PART 2 of a Q & A Advice for First Home Buyers
Let’s keep it real! You have had a conversation and now you have an idea of your borrowing capacity. How exciting! You can now get real with your search and the dream gets that little bit closer. Here are a few clues on what you will want to think about as you venture out into Home Hunter world.
Q. OK, what else do you think I need to consider as I set out on the trail of buying my first home?
A. I would suggest you ask yourself these questions. Where do you work? Play (both socially and physically, your runs or walks)? Eat out? Where do your friends live? Your family? Your gym? If any of these things matter to your decision about ‘WHERE TO BUY’, narrow down a patch in which you can search for your property. Do you need public transport? What type appeals to you? Are you prepared to spend ages in traffic or on buses and trains or do you want to minimise your daily commute? Are you a cyclist and so need access to bikeways?
Life can be hectic so make it easy on yourself and give these things a bit of thought. Spending hours in trains, buses or in cars can eat into your down time. I know what I would rather be doing! Keep in mind that the closer you are to the central business district of your city or town, the greater the likelihood of the value of your new home appreciating. On the flip side, it may cost you a little bit more to be that bit closer to the hub of town.
Other things for you to have a think about: Have you caught the renovation bug from the lifestyle shows? Or are you more practical at this stage and accept your limitations in that regard? This may determine what sort of place you buy. Will you go for a low maintenance new or near new unit or townhouse with minimalist gardens? Or tidy house? Or, will you look for a character home? Or will you take the plunge and buy a ‘renovator’ because you recognise that value often lies in location? A word of warning. Some of those shows may it look frightfully easy and quick. You don’t need a money pit when you buy your first home!
Q. I am nervous about making an offer. Do you have any tips to deal with this?
Some of the things you will need to be aware of are:
Offers are made on a prescribed form consisting of a Government approved document – “The Contract”
This does not constitute a contract until all parties have agreed to and signed off on the terms of the offer. At that point the document is dated and becomes a formal contract.
Once a contract has been dated, your responsibilities as a buyer will kick in.
There will be various warning statements associated with the offer documents based on whether your purchase is a house or unit/townhouse. These will be explained to you at the point of your signing the paperwork.
There can be occasions where multiple offers may be made so you need to understand where you stand in this situation. Ask your agent how they handle this scenario. You want to be clear so that you give yourself the best opportunity of buying your dream.
You will be asked about paying a deposit, the amount and when it is due to be paid.
You need to clarify the terms of your offer eg is it subject to finance approval, subject to a building and pest inspection, subject to any other factors. Just keep in mind, the cleaner your offer, the more likely it will be considered favourably.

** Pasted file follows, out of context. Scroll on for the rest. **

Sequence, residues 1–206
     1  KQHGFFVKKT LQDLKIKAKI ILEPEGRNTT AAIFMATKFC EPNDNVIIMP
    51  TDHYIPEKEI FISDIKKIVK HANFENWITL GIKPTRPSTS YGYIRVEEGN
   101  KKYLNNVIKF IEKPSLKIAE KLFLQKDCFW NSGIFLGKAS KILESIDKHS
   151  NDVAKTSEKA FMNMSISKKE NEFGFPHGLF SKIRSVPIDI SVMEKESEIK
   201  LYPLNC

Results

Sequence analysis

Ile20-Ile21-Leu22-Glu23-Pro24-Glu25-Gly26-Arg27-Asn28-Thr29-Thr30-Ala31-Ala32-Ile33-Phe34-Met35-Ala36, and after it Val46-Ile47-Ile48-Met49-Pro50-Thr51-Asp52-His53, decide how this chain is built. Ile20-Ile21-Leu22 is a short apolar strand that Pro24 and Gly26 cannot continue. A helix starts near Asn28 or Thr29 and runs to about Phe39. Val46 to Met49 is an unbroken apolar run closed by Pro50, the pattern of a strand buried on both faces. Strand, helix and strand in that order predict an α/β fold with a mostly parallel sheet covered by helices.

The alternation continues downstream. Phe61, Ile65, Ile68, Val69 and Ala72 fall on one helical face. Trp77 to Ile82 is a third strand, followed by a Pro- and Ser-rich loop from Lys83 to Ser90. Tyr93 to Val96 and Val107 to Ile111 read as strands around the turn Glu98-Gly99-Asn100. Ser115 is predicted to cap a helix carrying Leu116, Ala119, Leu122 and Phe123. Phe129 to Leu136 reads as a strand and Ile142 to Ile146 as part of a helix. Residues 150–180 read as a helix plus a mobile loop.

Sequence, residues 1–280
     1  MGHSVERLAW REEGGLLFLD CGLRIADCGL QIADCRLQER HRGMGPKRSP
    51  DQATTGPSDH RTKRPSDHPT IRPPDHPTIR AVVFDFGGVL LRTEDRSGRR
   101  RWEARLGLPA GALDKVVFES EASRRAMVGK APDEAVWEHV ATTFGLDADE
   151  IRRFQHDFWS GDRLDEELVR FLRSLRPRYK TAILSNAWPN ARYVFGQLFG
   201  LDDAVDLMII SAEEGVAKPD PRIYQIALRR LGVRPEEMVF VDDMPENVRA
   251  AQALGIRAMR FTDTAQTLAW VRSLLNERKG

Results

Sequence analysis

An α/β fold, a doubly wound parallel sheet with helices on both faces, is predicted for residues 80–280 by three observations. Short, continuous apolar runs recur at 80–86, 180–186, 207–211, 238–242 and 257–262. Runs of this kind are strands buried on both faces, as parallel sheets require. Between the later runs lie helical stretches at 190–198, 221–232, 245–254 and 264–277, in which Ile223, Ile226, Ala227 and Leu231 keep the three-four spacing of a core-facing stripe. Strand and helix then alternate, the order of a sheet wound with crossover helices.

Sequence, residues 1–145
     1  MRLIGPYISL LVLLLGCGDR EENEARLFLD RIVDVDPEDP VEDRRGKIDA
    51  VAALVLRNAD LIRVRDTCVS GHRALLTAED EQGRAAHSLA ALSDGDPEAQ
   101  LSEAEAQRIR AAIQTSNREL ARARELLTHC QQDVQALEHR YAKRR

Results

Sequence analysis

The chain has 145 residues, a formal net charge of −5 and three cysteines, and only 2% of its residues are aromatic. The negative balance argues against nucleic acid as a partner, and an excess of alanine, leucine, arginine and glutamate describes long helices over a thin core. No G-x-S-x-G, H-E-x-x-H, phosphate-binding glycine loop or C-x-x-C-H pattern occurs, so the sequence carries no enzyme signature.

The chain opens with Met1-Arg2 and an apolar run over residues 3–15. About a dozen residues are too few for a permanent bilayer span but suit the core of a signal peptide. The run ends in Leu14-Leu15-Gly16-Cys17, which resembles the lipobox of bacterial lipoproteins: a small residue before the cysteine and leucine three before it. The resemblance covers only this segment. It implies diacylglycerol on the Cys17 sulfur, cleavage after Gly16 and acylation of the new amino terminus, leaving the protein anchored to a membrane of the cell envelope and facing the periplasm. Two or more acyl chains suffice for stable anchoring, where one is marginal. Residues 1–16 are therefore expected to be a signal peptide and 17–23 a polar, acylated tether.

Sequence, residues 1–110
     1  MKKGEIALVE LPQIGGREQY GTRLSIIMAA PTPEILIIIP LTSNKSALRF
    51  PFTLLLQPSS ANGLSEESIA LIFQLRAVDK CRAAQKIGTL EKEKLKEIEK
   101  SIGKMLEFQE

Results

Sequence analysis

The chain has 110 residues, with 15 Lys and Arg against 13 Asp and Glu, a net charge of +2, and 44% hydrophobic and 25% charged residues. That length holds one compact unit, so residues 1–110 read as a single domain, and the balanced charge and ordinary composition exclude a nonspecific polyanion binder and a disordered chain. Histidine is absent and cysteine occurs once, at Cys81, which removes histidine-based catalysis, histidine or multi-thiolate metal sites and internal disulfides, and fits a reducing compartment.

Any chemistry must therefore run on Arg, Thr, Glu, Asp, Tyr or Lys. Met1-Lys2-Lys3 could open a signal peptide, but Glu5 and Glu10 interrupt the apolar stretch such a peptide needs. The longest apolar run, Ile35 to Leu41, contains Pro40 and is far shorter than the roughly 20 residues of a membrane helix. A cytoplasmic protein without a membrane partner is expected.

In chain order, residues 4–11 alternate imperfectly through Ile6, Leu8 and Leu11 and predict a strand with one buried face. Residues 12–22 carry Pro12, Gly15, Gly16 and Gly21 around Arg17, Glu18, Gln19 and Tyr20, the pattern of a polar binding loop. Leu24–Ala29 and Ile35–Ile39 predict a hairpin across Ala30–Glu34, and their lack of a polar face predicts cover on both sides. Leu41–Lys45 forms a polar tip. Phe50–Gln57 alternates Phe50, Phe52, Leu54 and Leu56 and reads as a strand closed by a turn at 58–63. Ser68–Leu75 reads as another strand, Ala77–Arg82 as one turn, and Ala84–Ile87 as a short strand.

You will need to provide details about who will act for you in the conveyancing of the property ie the legal transfer of the property into your name.
With property inspections, ask for referrals to a reputable service. Your agent will undoubtedly have dealt with many different ones and be able to make suggestions. Or maybe a friend or colleague will have a suggestion for you.
Check the document to see if there is a tick against ‘electrical safety switch’ and ‘smoke detectors’. You will then know whether you have to install these items once you gain possession of the property.
Is there a pool on the property? Here in Queensland we now have a ruling relating the currency of pool safety certificates so even if you are buying a small unit and the complex has a pool, it (the complex through its Body Corporate) will need to be in place. Don’t forget that if the said unit or townhouse has its own spa, that too will need a safety certificate.
If you are buying unit or townhouse, you must be given a Body Corporate (BC) Disclosure Statement & Management Statement prior to signing a contract. Simply put, this will give you written confirmation regarding your financial obligations to the Body Corporate and the by-laws. They (BC) are there to provide consistency in the maintenance and management of the community building/s.
There will be time frames that you need to adhere to in fulfilling your obligations to purchase you r new home. Make sure you understand what they are.
Oh, and one more thing, you will need to allow for state duties. Now there will be certain exemptions that first home buyers can qualify for so once again, make sure you find out about your full entitlements.
Lots to think about, isn’t there. Understand that while not every agent works the same way, these are tips that come to you from my working perspective.
Good luck. There can be tiring, frustrating and stressful moments at times but it will also be fun and exciting when something gives you the ‘vibe’. Just think of the reward at the end of all of your efforts. The best advice I can give you is ‘Ask question’, do some research’.
Want to Know More? Check out Our Home Sellers Checklist for getting the best result on the Sale of your home.